From the July 2013 issue of Acoustic Guitar | BY BRIAN MICHAEL

Every guitar needs regular maintenance, and at some point, no matter how careful you are with your instrument, it’s bound to need some kind of repair. If, say, your old campfire guitar isn’t fun to play anymore because the action (the distance between your strings and the fingerboard) is too high, it might be time to adjust your saddle height.

Your guitar’s bridge saddle is the most significant piece of the puzzle when it comes to raising or lowering action. Most modern guitars have a drop-in saddle that can be removed when the strings are off. If you have a vintage-style through-cut saddle, changing the height is best left to a pro.

After the truss rod is set correctly and your nut slots are filed properly, saddle height can be adjusted, if needed. First, take some action measurements at the 12th fret on the two outermost strings while your guitar is strung up to pitch. I like to measure from the top of the fret to the bottom of the string in 1/64-inch increments. Since action should be set relative to how you play, I’ll leave the specifics to you and the manufacturer of your guitar. The average string action of the guitars I set up is 3/32 inches on the bass side and 1/16 inches on the treble side. It is important to note that to change your action height at the 12th fret a certain distance, you must multiply that number by two to find the height to raise it at the saddle. Before you decide whether or not to make an adjustment you should also consider that your saddle must fit deep and snug in the slot without wiggle room, that the saddle top radius should match that of your fingerboard, and that the desired saddle height should probably not average less than 1/32 inch or more than 3/16 inches above the bridge. Also, if your guitar has an undersaddle pickup, shimming the saddle may change the way it functions.


To slightly raise your saddle in a pinch, any hard flat material will do. Cutting up an old credit card into strips as wide as your saddle slot works nicely. For long-term saddle shims, hardwood veneer strips work great, and bone saddle shims are also available.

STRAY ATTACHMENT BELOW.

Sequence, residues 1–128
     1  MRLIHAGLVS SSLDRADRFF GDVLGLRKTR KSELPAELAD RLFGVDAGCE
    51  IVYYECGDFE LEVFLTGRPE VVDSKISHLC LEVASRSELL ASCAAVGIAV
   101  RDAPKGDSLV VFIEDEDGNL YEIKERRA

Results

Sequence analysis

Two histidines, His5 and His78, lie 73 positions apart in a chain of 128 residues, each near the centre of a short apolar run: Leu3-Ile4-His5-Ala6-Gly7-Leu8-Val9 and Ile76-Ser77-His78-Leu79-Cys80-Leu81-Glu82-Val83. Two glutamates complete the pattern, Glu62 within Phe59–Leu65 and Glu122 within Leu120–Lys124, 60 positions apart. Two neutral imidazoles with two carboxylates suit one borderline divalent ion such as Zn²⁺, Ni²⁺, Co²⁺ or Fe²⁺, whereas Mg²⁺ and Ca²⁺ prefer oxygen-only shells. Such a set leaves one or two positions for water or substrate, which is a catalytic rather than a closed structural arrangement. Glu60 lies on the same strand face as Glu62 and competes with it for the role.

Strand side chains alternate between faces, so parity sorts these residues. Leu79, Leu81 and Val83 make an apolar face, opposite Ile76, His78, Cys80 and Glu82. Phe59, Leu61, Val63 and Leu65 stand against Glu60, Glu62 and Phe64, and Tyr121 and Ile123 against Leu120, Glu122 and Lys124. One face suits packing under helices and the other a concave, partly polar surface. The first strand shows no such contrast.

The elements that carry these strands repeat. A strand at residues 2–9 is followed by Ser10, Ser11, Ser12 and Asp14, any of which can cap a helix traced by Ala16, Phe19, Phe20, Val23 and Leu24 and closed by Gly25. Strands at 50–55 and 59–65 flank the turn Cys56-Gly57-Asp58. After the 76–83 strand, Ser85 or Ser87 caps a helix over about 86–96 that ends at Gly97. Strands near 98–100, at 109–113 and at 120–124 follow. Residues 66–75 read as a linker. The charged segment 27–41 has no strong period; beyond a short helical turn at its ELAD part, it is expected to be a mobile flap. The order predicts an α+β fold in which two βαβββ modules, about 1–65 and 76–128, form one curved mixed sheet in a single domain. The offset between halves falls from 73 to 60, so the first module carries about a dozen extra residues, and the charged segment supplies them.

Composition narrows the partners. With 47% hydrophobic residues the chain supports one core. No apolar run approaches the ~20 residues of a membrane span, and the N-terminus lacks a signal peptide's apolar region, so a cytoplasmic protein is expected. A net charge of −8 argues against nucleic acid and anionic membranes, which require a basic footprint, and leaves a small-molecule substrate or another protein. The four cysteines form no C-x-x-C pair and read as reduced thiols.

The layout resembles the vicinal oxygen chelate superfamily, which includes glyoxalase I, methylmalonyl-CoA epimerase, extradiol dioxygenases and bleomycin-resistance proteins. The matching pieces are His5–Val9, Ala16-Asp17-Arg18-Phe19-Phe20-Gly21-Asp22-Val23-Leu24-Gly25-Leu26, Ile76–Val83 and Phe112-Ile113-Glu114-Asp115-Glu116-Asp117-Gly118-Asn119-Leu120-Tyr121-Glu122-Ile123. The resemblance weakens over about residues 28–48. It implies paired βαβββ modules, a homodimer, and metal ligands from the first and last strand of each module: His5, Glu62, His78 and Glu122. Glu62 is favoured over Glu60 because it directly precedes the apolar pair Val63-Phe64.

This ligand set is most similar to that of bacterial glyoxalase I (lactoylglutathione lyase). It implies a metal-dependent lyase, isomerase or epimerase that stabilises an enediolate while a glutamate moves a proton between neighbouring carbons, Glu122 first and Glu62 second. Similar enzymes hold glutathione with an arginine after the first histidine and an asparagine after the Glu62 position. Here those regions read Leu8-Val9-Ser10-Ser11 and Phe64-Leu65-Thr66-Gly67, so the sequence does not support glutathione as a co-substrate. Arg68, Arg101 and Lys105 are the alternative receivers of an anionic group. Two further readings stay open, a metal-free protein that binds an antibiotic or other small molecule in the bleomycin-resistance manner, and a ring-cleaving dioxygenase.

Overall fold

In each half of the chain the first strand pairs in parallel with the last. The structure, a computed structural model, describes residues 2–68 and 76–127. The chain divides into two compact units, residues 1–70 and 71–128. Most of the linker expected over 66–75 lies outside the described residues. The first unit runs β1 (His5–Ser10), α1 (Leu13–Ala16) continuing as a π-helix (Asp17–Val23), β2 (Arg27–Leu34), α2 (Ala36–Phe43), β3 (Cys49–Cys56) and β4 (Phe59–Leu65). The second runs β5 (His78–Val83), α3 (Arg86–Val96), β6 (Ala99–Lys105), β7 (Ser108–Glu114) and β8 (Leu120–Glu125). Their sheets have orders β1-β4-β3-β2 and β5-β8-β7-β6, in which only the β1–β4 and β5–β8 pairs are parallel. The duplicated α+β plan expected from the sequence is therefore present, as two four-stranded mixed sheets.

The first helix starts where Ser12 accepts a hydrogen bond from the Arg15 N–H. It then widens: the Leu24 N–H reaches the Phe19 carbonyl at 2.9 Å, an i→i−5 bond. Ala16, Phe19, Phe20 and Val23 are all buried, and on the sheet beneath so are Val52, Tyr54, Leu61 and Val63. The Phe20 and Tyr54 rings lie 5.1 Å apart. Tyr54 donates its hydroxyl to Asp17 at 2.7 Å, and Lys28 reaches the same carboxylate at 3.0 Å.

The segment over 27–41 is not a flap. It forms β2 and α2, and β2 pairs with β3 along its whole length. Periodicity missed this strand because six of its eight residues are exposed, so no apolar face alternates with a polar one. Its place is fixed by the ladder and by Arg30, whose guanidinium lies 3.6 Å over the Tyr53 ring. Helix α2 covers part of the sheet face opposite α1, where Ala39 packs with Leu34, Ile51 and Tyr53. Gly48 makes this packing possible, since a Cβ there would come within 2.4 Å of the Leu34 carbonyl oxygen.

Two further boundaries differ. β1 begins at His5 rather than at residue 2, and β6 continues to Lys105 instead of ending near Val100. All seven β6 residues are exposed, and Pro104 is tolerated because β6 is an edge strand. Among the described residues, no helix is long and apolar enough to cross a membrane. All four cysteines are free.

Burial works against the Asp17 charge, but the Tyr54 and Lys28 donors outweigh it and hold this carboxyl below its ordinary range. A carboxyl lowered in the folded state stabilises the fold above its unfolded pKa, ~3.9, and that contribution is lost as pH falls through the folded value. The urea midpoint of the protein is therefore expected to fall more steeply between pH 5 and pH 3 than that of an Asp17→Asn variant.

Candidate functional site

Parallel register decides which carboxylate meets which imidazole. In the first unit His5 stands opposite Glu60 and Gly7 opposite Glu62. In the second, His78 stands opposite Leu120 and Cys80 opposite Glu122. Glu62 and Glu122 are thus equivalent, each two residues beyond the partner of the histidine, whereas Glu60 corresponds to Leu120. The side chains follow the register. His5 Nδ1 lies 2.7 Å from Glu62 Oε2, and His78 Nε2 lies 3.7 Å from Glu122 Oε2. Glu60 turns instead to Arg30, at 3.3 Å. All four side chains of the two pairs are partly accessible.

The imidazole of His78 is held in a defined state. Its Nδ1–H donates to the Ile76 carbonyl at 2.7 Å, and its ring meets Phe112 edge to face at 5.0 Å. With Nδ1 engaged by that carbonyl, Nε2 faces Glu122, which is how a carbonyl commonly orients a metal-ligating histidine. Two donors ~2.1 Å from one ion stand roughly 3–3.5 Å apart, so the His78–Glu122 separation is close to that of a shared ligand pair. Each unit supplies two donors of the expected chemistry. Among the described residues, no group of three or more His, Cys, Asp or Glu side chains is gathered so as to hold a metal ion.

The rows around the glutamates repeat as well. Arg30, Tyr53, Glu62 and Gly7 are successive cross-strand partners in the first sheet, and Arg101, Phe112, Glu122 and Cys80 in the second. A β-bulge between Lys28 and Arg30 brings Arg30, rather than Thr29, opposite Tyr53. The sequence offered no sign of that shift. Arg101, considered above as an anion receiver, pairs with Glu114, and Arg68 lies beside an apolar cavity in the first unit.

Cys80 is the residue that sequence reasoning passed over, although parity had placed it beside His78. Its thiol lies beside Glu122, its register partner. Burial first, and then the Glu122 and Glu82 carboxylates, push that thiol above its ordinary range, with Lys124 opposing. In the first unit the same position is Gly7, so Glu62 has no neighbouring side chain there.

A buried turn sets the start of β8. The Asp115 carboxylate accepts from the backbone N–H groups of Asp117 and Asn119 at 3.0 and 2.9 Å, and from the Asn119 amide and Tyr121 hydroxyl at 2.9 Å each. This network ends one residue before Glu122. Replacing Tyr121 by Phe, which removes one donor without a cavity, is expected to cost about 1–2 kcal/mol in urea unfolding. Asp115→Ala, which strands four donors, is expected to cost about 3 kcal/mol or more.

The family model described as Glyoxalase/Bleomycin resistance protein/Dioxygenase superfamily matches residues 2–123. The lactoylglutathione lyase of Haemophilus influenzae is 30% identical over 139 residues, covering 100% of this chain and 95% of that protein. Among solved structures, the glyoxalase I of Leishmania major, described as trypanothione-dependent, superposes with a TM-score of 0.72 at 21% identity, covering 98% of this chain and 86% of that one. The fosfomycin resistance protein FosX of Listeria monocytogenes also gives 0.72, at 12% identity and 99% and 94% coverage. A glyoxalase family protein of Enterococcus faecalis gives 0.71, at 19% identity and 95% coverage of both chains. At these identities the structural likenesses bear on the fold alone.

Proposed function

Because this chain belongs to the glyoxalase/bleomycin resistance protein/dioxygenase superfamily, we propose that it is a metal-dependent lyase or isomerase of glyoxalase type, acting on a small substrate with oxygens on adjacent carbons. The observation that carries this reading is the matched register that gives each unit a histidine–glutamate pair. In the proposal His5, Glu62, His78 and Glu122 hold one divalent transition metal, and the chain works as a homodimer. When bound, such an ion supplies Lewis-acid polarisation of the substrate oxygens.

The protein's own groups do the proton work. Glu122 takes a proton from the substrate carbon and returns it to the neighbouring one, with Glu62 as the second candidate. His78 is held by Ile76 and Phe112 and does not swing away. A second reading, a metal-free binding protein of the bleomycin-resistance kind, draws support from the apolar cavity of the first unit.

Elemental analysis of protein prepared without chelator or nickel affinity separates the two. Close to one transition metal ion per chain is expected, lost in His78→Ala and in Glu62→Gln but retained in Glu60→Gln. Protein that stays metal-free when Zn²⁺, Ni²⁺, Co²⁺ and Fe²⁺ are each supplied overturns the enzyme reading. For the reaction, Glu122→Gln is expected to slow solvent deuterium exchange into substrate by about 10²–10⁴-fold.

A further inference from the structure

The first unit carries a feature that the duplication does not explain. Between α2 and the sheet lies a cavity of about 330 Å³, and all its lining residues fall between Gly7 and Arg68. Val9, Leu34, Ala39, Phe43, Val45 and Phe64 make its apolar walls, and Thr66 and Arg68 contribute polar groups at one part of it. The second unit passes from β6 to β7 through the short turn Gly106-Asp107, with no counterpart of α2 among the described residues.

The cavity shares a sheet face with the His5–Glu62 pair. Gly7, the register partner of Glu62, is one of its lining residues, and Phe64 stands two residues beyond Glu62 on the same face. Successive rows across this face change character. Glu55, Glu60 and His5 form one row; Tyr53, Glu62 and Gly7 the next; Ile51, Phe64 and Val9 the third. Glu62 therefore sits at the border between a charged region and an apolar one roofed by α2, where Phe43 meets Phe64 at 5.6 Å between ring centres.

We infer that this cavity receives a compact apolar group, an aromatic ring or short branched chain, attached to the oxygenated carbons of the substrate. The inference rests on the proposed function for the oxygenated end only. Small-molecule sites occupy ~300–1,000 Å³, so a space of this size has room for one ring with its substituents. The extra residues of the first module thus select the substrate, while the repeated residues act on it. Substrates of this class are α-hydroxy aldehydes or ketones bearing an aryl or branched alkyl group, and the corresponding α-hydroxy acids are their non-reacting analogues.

To lower your saddle, all you need is a pencil and straightedge to mark your saddle and a file and bench vise to remove material. If you don’t have access to a bench vise, a nice flat countertop and some course (80 grit) sandpaper will also work. It’s easiest to take material off the bottom of the saddle, because it’s flat. You should only take material off the saddle top if you want to change the top radius or smooth away string wear. Once you’ve decided how much to remove from the bottom of the saddle, mark the saddle under the low and high strings and connect them with a straight line. Then file or sand away the extra material until you hit your line, checking periodically to make sure the bottom is still square to the sides. To make sure the bottom of the saddle is truly flat, you can run it back and forth over some 120 grit sandpaper on a flat surface. This step is especially important for maintaining string balance if you have an undersaddle pickup.

Brian Michael is the Chief Repair guy at Gryphon Stringed Instruments in Palo Alto, California. In his spare time he builds electric guitars and basses in his home shop, and plays in the band Fictitious Beast.

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